Two years after ESPN and Jason Whitlock announced an African-American themed culture website along the lines of Grantland, Whitlock’s out, and it remains stuck in development hell. Imagine, for a second, being a writer there, having the existence of the website deferred in quarterly intervals, with 0-2 bylines 1-2 years after you were hired. With cost cuts on the horizon, would you have any faith that it was ever going to happen? And what does the future hold for Grantland and FiveThirtyEight?
“We remain committed to the continued growth and development of our sites,” an ESPN spokesman said in a statement. “In recent months, Grantland has earned record traffic and FiveThirtyEight is enjoying substantial increases year over year as we approach the significant time period of election season. For The Undefeated, we are in the process of determining a permanent editor-in-chief.”
Last month, Deadspin reported that ESPN wanted one of its writers, Howard Bryant, to “reboot” the project, which finally got a title last year: The Undefeated.
Earlier this month, [ESPN President John] Skipper flew to London for Wimbledon. On July 7, he met with ESPN The Magazine columnist and author Howard Bryant, who was covering the event. Skipper asked Bryant to help lead the relaunch. Skipper and Bryant are still early in talks, so for now, the role is being described as “editor-at-large.” Bryant still has his magazine column. Carter is still the head of a dead website, but there’s no word on what this means for the interim EIC down the road, or for the rest of the staff that Whitlock hired.
Shortly after, Bryant tweeted:
Three weeks later and ESPN has announced nothing. Bryant, meanwhile, has changed his avatar to a chess pawn. According to several people at ESPN, discussions took a turn after Bryant’s tweet, which he was told was “premature,” and this much is clear:
a) ESPN’s interested in Bryant writing for and working with the site, but it does not want him to “reboot” the project, at least not in the sense that he’d be the face of the website or have hiring authority, which may have been different than what he’d initially heard.
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Talk to writers and editors past and present at ESPN’s affinity sites, and they’ll tell you that the idea of guys like Bill Simmons, Whitlock, and Nate Silver running websites terrified various levels of management because if the sites were successful, what did it mean for them? Consequently, if these sites were going to shun editorial meddling, then they would not often receive the full force of Bristol’s promotion in the form of front-and-center ESPN.com treatment — and hits on SportsCenter and ESPN Radio — as happens with major Outside the Lines and ESPN the Magazine stories.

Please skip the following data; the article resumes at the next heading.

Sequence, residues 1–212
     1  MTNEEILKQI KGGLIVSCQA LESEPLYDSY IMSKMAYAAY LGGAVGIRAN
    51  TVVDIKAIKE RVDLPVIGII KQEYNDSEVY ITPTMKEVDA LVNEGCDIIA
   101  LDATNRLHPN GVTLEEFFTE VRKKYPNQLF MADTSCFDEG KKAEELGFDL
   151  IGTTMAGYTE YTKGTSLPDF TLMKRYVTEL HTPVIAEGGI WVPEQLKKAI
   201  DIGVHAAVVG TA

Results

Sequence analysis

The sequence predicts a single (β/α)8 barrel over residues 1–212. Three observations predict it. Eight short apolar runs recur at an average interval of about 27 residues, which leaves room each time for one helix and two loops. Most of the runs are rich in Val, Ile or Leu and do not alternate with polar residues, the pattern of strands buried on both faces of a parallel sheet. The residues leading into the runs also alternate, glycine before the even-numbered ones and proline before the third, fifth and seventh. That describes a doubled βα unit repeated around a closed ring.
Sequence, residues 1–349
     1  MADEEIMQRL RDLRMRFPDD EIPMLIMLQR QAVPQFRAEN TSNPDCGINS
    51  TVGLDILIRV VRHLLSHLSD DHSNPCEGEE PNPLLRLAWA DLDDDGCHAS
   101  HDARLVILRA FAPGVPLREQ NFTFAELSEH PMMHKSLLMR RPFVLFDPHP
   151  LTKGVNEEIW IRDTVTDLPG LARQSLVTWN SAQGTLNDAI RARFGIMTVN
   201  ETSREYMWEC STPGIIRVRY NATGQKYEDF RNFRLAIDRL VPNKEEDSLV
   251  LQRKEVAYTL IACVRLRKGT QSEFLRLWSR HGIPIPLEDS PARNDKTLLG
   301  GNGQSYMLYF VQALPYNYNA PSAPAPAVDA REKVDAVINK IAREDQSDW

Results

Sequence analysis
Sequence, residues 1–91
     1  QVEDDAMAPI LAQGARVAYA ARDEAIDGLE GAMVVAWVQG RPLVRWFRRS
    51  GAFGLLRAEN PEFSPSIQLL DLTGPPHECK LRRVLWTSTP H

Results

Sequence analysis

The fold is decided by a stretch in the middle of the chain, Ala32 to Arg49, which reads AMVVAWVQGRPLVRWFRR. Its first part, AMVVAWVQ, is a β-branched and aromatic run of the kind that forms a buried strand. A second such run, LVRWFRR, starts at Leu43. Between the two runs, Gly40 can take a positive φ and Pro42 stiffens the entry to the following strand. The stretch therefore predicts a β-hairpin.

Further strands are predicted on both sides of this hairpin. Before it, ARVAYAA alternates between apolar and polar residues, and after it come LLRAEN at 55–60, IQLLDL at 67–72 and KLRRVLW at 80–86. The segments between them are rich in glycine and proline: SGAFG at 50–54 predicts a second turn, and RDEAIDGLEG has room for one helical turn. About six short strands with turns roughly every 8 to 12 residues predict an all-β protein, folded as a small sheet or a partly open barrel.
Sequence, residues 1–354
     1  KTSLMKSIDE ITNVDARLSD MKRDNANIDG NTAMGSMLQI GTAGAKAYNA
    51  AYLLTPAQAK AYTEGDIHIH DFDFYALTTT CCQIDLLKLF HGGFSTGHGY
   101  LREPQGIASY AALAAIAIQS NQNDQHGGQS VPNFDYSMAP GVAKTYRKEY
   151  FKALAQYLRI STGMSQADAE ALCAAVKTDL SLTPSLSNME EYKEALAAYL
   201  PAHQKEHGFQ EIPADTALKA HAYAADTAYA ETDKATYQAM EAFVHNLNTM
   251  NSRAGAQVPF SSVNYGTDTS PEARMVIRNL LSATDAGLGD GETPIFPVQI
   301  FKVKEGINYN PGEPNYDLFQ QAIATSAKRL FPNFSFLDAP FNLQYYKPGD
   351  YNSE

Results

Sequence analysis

There’s been a power struggle going on internally at ESPN for years now over affinity sites. Two important names have always championed them — John Walsh and Skipper, who both made their bones in print. Both were integral in having Bill Simmons start Grantland, and Skipper spearheaded The Undefeated and got a nudge from Simmons (who had Nate Silver on his podcast a couple times) to start FiveThirtyEight. Walsh retired earlier this year. Between cord cutting as a threat to revenue and the billion dollar NBA deal triggering rising costs, Skipper could now be in a vulnerable position for a variety of reasons.
An ESPN spokesman tells us that talks with Bryant have not been irrevocably broken off and they are still “discussing a role.”
From Bryant’s perspective, being asked to obtain buy-in from prominent African-Americans at ESPN who appear regularly on TV or the radio, carried an implied quid pro quo. This was the responsibility of a leader, was it not? And wouldn’t this then yield editorial and administrative input, and a pay bump? Whatever the official title wound or winds up being, ESPN has concluded it wants an experienced editor in charge at The Undefeated — and out of the writer-as-the-face business.
ESPN has expressly told us that all three of their affinity sites are safe, and that they won’t get folded into each other or ESPN.com. A spokesman emphasized that Grantland’s two best traffic months came post-Simmons this past May (Simmons was ousted May 8th) and June, which, per comScore, had 7.2 million and 6.9 million unique users, respectively, which represented about 50% increases year-over-year. FiveThirtyEight had 5.2 million and 4.6 million uniques in May and June, increases of 136% and 27% (last June was the World Cup).
(With regards to the Grantland traffic, it came in months that featured parts of the NFL Draft, as well as the NBA Playoffs with a basketball-heavy staff that Simmons put together.)
It’s not as if these sites were designed to maximize profits, and most engaged readers and writers are rooting for them to succeed as something akin to sponsored art, but is there a limit to how much they can lose? This argument is consistently brought up by management who have disdain for these operations. To be sure, there are writers at these sites — especially ones that do a great job covering core sports — that ESPN plans to fight hard to keep. However, would it be profoundly surprising if there’s attrition, especially in the culture sections, and writers and editors in those departments part ways without being replaced?
In any event, there are a lot of moving parts here and the next six weeks should provide a lot more clarity about what will happen with ESPN’s affinity sites, and elsewhere across the Mothership.